This talk was presented live by Dr. Brian Pace and Dr. Neşe Devenot at the UW–Madison Transdisciplinary Center for Research in Psychoactive Substances. This talk was presented on April 28 as part of the "Psychedelic Humanities" speaker series, organized by Dr. Lucas Richert.
Public discourse concerning psychedelics and the emerging industry in psychedelic-assisted therapy has extended beyond the potential benefits of novel treatments for specific mental health disorders to claims that widespread psychedelic use may tilt social relations towards more egalitarian norms. Researchers and media outlets have pointed to several recent studies which present data asserting that classical psychedelics can reduce authoritarianism, increase liberal views, and deepen nature-relatedness.
Taken together, these studies are cited to promote a vision of drug-assisted social progress. Yet counter examples abound of psychedelic-experienced individuals expressing views explicitly opposed to egalitarianism and liberal politics. Moreover, acceptance of psychedelics by institutions and aspirational business and celebrity figures has only increased right-wing psychedelic interest in recent years.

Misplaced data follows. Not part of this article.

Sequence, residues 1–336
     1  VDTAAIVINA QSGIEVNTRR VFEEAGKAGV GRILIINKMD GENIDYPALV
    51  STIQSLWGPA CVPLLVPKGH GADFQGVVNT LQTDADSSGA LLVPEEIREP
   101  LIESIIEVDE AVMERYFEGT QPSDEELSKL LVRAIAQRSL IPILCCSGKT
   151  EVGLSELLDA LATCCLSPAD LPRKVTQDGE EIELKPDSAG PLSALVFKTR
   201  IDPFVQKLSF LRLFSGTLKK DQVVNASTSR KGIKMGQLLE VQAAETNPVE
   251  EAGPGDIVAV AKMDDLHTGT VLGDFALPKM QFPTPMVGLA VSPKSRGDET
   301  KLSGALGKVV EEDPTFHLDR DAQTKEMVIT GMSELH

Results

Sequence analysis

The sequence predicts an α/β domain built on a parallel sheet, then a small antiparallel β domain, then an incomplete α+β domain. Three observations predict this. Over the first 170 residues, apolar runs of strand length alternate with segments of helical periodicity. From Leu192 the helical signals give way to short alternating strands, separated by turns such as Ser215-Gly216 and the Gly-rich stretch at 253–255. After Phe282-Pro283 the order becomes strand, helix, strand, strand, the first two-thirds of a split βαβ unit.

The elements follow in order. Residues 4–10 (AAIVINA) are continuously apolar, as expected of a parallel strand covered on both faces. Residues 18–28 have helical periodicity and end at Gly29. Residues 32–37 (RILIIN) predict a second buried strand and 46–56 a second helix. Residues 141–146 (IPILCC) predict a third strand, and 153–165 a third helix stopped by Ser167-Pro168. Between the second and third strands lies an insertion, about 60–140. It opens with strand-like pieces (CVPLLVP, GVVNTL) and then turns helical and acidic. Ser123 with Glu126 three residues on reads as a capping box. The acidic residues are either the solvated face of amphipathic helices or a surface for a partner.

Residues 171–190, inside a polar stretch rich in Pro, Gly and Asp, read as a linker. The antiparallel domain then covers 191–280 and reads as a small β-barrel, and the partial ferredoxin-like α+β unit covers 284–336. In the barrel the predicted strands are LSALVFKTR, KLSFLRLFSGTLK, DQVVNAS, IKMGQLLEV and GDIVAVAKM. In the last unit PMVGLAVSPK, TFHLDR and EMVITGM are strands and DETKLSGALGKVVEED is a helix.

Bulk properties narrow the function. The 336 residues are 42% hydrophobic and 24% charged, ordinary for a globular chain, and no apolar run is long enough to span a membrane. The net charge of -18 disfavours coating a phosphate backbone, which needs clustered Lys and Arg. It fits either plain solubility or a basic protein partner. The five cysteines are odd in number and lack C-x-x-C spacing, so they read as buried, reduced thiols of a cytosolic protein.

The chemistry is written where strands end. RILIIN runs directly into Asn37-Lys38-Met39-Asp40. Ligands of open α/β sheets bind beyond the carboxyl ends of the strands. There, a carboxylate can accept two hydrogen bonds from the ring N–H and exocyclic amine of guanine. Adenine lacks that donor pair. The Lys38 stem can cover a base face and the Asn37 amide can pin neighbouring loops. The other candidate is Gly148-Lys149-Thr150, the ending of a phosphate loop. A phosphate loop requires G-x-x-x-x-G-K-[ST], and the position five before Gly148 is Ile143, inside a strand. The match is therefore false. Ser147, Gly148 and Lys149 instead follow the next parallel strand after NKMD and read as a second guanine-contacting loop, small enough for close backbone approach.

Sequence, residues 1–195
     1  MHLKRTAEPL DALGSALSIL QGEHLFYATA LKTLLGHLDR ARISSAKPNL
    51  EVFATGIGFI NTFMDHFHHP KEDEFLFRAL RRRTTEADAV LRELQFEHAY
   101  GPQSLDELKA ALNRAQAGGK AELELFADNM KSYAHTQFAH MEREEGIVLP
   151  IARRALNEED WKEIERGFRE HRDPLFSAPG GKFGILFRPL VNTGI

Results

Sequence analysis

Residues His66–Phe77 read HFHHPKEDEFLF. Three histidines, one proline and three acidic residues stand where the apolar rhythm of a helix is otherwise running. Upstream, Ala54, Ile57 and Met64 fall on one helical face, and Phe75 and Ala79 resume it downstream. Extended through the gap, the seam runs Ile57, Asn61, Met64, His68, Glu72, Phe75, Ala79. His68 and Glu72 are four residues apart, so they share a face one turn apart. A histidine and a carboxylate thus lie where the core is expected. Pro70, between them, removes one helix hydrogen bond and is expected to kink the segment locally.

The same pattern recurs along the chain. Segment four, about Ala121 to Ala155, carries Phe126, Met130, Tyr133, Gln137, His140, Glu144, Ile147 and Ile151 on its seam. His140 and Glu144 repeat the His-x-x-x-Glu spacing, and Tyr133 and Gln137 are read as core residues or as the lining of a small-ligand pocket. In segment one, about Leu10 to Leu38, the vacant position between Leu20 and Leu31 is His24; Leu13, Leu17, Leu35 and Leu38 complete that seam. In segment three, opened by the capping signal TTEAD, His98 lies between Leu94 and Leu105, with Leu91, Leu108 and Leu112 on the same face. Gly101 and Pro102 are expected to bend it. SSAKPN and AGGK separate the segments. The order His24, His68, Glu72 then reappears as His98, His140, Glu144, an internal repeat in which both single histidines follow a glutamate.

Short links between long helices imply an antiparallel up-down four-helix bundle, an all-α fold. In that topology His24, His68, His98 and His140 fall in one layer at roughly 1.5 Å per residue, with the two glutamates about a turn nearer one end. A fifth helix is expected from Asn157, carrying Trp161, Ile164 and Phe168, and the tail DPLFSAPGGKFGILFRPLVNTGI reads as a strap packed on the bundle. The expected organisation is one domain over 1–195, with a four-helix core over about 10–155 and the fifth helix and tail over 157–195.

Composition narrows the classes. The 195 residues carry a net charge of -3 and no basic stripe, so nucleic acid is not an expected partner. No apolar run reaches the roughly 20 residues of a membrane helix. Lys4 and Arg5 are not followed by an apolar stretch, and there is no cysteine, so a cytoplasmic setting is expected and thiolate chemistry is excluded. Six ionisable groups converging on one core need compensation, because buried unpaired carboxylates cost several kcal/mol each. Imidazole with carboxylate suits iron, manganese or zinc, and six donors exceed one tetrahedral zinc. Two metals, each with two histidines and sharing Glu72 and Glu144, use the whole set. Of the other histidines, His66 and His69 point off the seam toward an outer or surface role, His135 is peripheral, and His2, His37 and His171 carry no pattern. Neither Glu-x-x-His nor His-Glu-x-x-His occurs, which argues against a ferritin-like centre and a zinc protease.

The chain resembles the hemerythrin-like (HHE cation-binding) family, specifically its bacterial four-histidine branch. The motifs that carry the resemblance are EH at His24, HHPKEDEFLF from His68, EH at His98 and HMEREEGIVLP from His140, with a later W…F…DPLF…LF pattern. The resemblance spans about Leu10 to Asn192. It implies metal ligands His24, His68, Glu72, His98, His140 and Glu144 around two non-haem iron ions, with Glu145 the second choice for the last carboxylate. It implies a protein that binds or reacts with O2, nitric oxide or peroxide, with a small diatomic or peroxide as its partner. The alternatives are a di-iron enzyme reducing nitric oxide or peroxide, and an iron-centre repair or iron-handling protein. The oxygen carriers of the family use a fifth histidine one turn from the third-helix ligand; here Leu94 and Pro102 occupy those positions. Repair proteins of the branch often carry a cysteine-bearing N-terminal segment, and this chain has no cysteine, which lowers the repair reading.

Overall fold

This presentation highlights the numerous contemporary and historical cases where the use of psychedelics failed to reduce authoritarian tendencies in users, or even facilitated adoption of authoritarian views. We demonstrate that psychedelics can catalyze change in political or religious belief, but not in a consistent direction. Instead, we propose that many transformative experiences—including those induced by psychedelics—can challenge and radically shift a person’s worldview, and that extra-pharmacological factors influence the character of change in ideology or political belief.